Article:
Percy Bysshe Shelley's "On Death"
Percy Bysshe Shelley
As one of the most noted poets of the Romantic movement, Percy Bysshe Shelley focused much of his poetry on spiritually inspired topics. With a keen eye to the possibilities of life after death, the speaker in Shelley's "On Death" dramatizes a quotation from the King James Version of the Bible.
The full quotation from Ecclesiastes 9:10 is "Whatsoever thy hand findeth to do, do it with thy might, for there is no work, nor device, nor knowledge, nor wisdom in the grave whither thou goest."
Shelley focuses on the final clause of the quotation to offer a little drama that may brighten the human mind's natural tendency to be darkened by the notion of losing all those functions.
Reading of Shelley's "On Death"
First Stanza: "The pale, the cold, and the moony smile"
The speaker in Shelley's "On Death" is motivated to dramatize his response by the Ecclesiastic quotation, "There is no work, nor device, nor knowledge, nor wisdom, in the grave, whither thou goest."
The speaker begins by likening the human sense awareness to a pale, cold, moony smile that is fickle and wan and "flits round our steps till their strength is gone."
In individual, according to this speaker, is like an island with the moon shining on it. Though it is surrounded by the sea, yet is it lonely and desolate.
Second Stanza: "O man! hold thee on in courage of soul"
The speaker then commands humanity to buck up and not lose hope that he can make his life useful. Despite the coming of the grave and "the billows of clouds that around thee roll," the individual who remains courageous in spirit can rest easily.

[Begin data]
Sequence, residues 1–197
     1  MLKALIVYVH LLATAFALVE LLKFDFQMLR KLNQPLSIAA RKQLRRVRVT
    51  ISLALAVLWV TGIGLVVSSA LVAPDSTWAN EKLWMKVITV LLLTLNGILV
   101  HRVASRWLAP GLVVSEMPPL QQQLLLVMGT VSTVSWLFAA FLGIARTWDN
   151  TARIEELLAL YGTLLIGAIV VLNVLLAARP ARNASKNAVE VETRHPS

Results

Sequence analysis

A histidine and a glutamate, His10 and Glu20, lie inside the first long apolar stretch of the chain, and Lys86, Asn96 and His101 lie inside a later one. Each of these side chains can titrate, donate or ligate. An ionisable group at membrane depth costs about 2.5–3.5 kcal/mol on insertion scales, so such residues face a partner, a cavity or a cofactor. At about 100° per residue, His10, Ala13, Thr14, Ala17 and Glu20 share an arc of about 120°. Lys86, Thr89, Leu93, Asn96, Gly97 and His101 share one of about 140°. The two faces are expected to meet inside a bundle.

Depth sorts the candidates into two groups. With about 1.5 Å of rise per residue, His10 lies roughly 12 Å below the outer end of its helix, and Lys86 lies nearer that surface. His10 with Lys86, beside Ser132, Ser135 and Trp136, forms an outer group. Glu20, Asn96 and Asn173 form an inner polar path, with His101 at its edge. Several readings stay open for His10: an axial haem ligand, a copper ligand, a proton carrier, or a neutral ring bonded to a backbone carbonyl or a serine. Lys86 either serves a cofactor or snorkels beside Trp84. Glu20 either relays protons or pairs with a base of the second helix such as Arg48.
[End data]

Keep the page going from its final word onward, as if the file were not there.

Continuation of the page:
The courageous individual need not bend his life to the dictates of a fanciful Hell and Heaven but keep his mind open to "the universe of destiny."
Third Stanza: "This world is the nurse of all we know"
The nurturing, mothering world offers death as an ostensible final reward and death is "a fearful blow." But that is true only of a mind that allows itself to absorb only the physical level of reality.
The speaker implies that a physical reality only is impossible, because what the senses detect is something that will "pass like an unreal mystery."
Fourth Stanza: "The secret things of the grave are there"
Even though the human body will lose its "fine-wrought eye and wondrous ear" and all other senses, all the greatness of the soul waits in a "boundless realm of unending change."
Death might seem to stop the spirit, but it only stops the body of sense-awareness, allowing a higher level of awareness to be engaged.
Fifth Stanza: "Who telleth a tale of unspeaking death?"
The speaker concludes with a series of questions that all lead the reader to one answer: each human soul is the entity responsible for all the levels of information on the three realms of physical, astral, and causal.
When the individual unites with that soul or flame of life, s/he also unites with "the hopes of what shall be / With the fears and the love for that which we see."
What we see, that is, perceive with the senses, is but a shadow veil of what waits after soul- awareness.
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© 2016 Linda Sue Grimes